A couple of weeks ago I hit a milestone — the beginning of my third year with the Glendale News Press. For those unfamiliar with the story of how I ended up here, after a 15-year career as a writer in various media, I entered and won a contest the paper held to find a columnist to cover the La Crescenta area.
It is truly an honor to write for my fellow Glendale inhabitants. And yes, I even respect most of my haters who so passionately defend their differing opinions. I have made every effort to spread the love, pointing at the role the News-Press editorial staff plays in giving me the latitude to write on a broad range of topics.
My weekly ritual begins long before my Monday morning deadline. I start ruminating over stories on the Wednesday prior. I search for topics with the following priorities in mind: how does it affect my life as a Glendale resident, a 49-year-old man, and a member of the human race searching for the meaning of life?
By Sunday, I have a pretty good idea of what I’m going to write about and I start making mental notes of quips and comments I can inject into the story and the first draft is born. On Monday, I am up at 5 a.m. to rewrite and edit the draft until about 7 a.m. when I get ready for my day job.
During my commute into El Segundo I think of ways to tighten up the morning’s work. I spend anywhere from 60 to 90 minutes finalizing the draft before sending it to the editors. I’ve done this nearly every week for these last two years and have written my columns during trips to San Francisco, Utah, Dallas, New Orleans and in dozens of coffee houses in between.
I have soldiered on these last few weeks amid some personally trying times. For the most part, I’ve done my best not to bore you with any egocentric details, instead sticking to issues around Glendale.
But this morning I awoke with a desire to share something personal that has been on my mind, not as a local resident, but as a human being, like you, trying to find meaning to something bigger than the design of a parade float.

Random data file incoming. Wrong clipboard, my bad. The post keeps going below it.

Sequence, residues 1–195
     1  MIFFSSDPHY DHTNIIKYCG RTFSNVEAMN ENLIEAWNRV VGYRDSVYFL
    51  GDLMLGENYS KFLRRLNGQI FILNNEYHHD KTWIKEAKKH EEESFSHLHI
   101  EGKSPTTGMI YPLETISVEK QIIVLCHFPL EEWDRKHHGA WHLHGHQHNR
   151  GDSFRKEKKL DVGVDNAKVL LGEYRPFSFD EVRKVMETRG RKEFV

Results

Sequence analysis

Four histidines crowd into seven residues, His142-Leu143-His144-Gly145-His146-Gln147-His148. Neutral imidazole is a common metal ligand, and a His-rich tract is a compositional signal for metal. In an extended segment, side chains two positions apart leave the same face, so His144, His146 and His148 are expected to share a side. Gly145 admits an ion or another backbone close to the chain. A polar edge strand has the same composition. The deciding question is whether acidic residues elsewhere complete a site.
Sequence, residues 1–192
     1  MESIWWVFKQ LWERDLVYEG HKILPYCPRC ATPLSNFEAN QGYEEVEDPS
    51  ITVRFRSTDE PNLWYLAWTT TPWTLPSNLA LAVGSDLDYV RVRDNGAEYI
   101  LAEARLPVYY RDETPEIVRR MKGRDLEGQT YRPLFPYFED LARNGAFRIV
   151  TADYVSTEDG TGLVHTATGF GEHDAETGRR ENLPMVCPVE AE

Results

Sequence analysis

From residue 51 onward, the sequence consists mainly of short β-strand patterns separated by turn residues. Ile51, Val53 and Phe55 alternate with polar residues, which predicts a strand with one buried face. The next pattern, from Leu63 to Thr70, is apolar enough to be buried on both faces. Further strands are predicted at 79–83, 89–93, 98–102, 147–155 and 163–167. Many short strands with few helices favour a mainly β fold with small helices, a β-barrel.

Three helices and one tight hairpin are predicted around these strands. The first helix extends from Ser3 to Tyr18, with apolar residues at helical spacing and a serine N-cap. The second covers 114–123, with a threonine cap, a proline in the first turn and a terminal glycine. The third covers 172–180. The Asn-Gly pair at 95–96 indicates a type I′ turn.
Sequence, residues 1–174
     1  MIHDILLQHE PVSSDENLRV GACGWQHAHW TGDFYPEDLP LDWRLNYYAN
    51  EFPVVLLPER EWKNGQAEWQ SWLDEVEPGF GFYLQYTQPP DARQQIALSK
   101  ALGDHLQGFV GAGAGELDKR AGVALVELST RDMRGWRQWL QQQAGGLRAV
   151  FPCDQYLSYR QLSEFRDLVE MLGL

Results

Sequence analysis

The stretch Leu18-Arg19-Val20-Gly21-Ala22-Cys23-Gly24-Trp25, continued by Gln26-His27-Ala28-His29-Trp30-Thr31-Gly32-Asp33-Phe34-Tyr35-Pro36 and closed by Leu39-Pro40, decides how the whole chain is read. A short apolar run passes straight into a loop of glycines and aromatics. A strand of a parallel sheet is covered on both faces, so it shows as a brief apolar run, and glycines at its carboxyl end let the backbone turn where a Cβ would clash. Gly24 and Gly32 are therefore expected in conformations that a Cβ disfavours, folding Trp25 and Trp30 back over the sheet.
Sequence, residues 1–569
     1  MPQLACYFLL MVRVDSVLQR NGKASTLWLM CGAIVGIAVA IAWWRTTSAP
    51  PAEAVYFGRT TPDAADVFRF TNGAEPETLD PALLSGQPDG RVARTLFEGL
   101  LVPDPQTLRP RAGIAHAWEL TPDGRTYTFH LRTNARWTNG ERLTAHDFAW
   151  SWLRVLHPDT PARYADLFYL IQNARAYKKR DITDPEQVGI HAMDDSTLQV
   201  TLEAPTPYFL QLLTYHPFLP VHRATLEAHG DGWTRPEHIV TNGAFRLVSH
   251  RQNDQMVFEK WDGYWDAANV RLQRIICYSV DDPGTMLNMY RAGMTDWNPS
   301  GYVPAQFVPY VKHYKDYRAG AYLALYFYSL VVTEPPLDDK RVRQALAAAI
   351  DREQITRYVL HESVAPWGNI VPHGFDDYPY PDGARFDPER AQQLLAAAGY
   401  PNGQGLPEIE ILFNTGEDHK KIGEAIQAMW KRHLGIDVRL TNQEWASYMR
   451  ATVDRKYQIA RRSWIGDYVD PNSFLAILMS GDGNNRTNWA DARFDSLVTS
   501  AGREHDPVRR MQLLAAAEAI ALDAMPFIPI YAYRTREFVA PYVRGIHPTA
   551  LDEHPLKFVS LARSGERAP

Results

Why do I feel the need to divert away from texting drivers and misguided branding efforts? Because life has decided to get in my face and show me how fleeting one’s existence can be. Two people I knew passed away within the last few weeks. One of them, Jason, was a very close friend in high school. The other, Chloe, was the daughter of two more friends from high school.
Jason’s death hit me much harder than I could have imagined. I spent the better part of an entire weekend mourning the loss of someone I hadn’t seen in 15 years. Sadly, I was supposed to see him four weeks ago but I opted not to join a gathering of old friends.
The next day I got a text message from Jason telling me he was sad I didn’t make it. Five days later, Jason died waiting in line at the Whiskey A Go Go nightclub in Hollywood. Those who knew him and his love of rock and roll would certainly agree that he left this world doing one of the things he truly loved.
I did not know Chloe very well. But her sudden passing has been hard. I have agonized watching her mom cope with the sudden loss of a daughter who had just celebrated her 20th birthday with a huge party only three days prior to her passing.
Chloe had muscular dystrophy and each birthday was an extremely important milestone to her. I’d like to believe her last party was the grand finale to a life lived with passion and appreciation.
It was at Chloe’s memorial service, during an outpouring of love and affection, that I realized an opportunity existed to remind us all to live each day as though it may be our last.
Don’t get caught in the petty things. When you put this paper down, take a less cynical look around and be grateful for the things you have and stop complaining about the things you are lacking. If you don’t like the way something is, find ways to change it.
Be brave enough to do the things you really want to do and don’t worry about failing. You can’t win if you don’t play.
Yes. Those are all clichés. But they are ones I need to hear now and again because they seem to be the ones I so easily forget. I thought you might need to hear them, too.
We may not always be able to live every day like there is no tomorrow, but it is vital that we do our best to enjoy whatever days we have. Because let’s face it, none of us are getting out of this alive.
As for me, I am happy to see the light of another day as a voice in this paper.
GARY HUERTA is a Glendale resident and author. He is currently working on his second novel and the second half of his life. Gary may be reached at firstname.lastname@example.org.